Recently a breakdown for a popular swim brand (details and specifications of an upcoming job for which agents propose models) was sent to all the major New York modeling agencies. The job called for a model in her early 20’s, brunette, all ethnicities, at least 5’9 and with a “swim” body. Simple enough. It goes on to say the models must be able to do the full locust yoga pose, have at least 10,000 followers on Instagram and must not be part of the SAG (Screen Actors Guild, a labor union representing more than 100,000 film and television principal and background performers).
What was once a simple call for models has recently become particularly nuanced. Brands require evermore from the millennial model, who is increasingly more expensive and present in a company’s identity. Aside from marketing potential, brands are also seeking out talent that gives the consumer a sense of authenticity: surf brands are taking an interest in girls from beach towns, wellness brands are seeking girls who are known for their fitness regimes, and so on. The more Instagram followers, the more likes, reposts and comments and the more the brand broadens its reach. And if the model is not a part of SAG, union restrictions don’t apply, meaning brands can use behind the scenes video footage if they so choose.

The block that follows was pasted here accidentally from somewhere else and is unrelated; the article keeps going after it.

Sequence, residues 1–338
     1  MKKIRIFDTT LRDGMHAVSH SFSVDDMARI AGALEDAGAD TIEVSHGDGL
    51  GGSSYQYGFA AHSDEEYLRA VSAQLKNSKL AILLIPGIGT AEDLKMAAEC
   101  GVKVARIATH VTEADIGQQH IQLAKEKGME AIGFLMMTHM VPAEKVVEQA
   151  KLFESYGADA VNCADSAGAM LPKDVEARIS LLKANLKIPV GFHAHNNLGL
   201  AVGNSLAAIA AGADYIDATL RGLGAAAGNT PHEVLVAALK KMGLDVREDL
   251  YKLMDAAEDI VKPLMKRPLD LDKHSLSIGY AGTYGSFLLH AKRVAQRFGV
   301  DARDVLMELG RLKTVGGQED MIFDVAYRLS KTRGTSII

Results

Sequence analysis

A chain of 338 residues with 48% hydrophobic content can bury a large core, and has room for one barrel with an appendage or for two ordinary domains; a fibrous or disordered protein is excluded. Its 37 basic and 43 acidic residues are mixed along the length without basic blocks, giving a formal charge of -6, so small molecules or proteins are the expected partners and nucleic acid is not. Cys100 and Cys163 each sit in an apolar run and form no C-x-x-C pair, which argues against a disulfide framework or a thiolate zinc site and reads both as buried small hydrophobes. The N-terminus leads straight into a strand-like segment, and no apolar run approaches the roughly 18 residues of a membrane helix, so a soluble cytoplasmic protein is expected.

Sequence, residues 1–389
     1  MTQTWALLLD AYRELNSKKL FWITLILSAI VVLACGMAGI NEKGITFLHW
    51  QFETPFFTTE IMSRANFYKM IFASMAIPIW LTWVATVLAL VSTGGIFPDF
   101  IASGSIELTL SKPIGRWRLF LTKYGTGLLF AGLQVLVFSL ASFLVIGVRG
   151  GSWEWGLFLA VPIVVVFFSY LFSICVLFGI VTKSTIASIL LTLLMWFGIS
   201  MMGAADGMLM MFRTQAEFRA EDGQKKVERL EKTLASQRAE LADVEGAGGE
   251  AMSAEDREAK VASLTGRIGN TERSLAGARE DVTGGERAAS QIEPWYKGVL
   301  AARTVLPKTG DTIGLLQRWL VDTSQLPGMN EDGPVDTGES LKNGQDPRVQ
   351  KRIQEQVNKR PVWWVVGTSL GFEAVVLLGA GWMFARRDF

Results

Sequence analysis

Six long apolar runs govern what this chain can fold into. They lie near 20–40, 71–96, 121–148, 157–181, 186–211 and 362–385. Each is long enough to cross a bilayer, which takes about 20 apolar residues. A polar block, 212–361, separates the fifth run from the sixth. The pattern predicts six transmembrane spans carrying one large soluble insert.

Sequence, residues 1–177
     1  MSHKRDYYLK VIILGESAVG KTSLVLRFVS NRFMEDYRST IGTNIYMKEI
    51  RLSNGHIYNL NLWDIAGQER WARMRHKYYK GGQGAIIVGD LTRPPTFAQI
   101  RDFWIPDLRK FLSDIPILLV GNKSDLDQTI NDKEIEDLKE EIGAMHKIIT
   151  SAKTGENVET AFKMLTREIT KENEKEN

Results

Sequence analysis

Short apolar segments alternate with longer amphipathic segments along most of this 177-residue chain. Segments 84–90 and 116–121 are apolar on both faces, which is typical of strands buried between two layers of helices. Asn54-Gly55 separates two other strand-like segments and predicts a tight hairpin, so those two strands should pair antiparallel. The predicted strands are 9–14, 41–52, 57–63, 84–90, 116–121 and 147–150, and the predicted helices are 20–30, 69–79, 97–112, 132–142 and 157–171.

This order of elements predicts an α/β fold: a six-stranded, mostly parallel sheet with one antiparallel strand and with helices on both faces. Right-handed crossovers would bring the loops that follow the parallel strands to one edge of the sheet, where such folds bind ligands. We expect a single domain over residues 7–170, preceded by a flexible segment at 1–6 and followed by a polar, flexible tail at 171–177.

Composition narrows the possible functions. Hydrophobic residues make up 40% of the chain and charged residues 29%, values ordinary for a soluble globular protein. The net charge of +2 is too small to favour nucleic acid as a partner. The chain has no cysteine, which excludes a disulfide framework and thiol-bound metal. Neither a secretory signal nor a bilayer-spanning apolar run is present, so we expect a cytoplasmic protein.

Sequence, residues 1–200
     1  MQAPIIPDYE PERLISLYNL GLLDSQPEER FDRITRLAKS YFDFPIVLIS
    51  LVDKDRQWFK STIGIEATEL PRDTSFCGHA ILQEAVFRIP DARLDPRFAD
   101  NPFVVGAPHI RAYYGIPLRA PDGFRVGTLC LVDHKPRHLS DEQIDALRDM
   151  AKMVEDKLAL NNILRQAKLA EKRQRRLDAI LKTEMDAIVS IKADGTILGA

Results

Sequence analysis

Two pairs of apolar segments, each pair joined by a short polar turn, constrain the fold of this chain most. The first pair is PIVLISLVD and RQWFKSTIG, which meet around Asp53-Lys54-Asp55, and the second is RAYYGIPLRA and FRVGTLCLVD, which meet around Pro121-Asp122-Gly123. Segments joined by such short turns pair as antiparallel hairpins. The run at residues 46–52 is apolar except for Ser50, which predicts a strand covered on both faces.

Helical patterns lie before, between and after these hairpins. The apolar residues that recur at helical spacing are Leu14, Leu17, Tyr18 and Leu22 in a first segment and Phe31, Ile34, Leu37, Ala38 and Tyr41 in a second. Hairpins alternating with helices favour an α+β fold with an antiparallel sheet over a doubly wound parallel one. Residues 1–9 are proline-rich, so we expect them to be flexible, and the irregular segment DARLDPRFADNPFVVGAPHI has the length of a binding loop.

Not so long ago, model “branding” in the traditional sense was reserved for the highly recognizable commercial model, not “blue chip” models who booked high end editorial, as they were not groomed to be household names.